Cornell Denies Yale's Bid for Spot in Ivy Tournament

Any chance of Yale keeping momentum after Sturgill's goal was eliminated by yet another unfortunate break. The random stick check after that goal resulted in one of Yale's sticks being ruled illegal, which gave the draw control to Cornell. The Big Red eventually got a free position shot that midfielder Katie Kirk used to extend the lead to 8-5 with 10:36 to play.

Senior defender Michele Fiorentino caused a Cornell turnover with nine minutes to play, but Yale then turned the ball right back over to the Big Red. Quackenbush made a nice save on a low shot by Steinberg, but the Bulldogs turned the ball over again right after that.

Cornell called timeout with 7:18 to play and began methodically running down the clock when play resumed. That forced the Bulldogs to start pressuring, and Johnson took advantage of that for a goal at 5:09 that made it 9-5. Steinberg scored again at 3:46, and the Big Red tacked on two more goals in the final 76 seconds to make the final 12-5.

Sturgill's hat trick wound up being the highlight of the game for the Bulldogs, as she finished her career with 66 goals -- 24th on Yale's all-time list. Sturgill also had four of Yale's nine draw controls for the game.

"In addition to scoring, Jess did some great things on the draw," Phillips said. "She played well all weekend, including the game against Georgetown Friday night. She played her heart out."

In the end, it was the final game for Yale's seven seniors -- Eliasberg, Fiorentino, Sturgill, attacker Jenna Block, midfielder Sarah David, attacker Lindsey DeMarco and midfielder Natalie Reid. The Class of 2010 finishes with 35 career wins, including 14 Ivy League victories, and one NCAA Tournament appearance.

"We talked in the locker room about all of the seniors," Phillips said. "This class stayed together for four years through a lot of transition. They all contributed to the success of the program in different ways. We had hoped to have added playing in the first Ivy League Tournament to their legacy, but it wasn't meant to be."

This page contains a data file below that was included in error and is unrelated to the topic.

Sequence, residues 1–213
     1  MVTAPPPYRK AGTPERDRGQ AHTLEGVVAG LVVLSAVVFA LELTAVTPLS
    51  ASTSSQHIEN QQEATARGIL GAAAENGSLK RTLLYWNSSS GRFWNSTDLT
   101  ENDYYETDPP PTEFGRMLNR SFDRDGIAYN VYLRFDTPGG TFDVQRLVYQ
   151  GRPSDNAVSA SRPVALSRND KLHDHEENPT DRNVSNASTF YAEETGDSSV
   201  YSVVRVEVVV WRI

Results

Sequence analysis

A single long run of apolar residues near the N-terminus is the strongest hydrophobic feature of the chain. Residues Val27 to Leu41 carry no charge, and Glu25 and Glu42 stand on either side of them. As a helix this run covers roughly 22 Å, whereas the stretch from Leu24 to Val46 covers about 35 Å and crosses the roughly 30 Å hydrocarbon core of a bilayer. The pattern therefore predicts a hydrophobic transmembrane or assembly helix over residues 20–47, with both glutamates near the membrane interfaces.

Quackenbush finished with six saves, giving her 144 for the year. That is the most by a Yale goalie since 2000, when Amanda Sisley '03 stopped 146.

Rhodes finished as the fifth freshman in school history to lead the team in goals (27) and points (35). Flatley was second on the team in both categories with 21 goals and 22 points, numbers that are all the more impressive considering that in her first two years -- playing primarily defense -- she had five goals in 32 games. Fiorentino's one caused turnover on Sunday gave her a team-high 20 for the year, a career high.

As a team Yale finished with a slight improvement in the won-lost column in Phillips' second season -- going from 5-11 overall to 6-9 overall -- but had numerous other signs of greater progress throughout the year. The Bulldogs knocked off then-No. 13 BU on the road, and came up with a thrilling last-second win over Brown on a goal by Flatley. They also downed archrival Harvard, and beat Columbia on the second-to-last weekend of the season to keep control of their chances for an Ivy League playoff spot.

Yale also started establishing Reese Stadium, which will be dramatically transformed by renovation this coming offseason, as a tough place for opposing teams to play. The Bulldogs went 3-1 against Ivy League teams at Reese, and the lone loss was a narrow 7-5 defeat to eventual league champion Penn. No other league team held the Quakers to fewer goals, and even five-time NCAA champion Northwestern allowed Penn eight goals.

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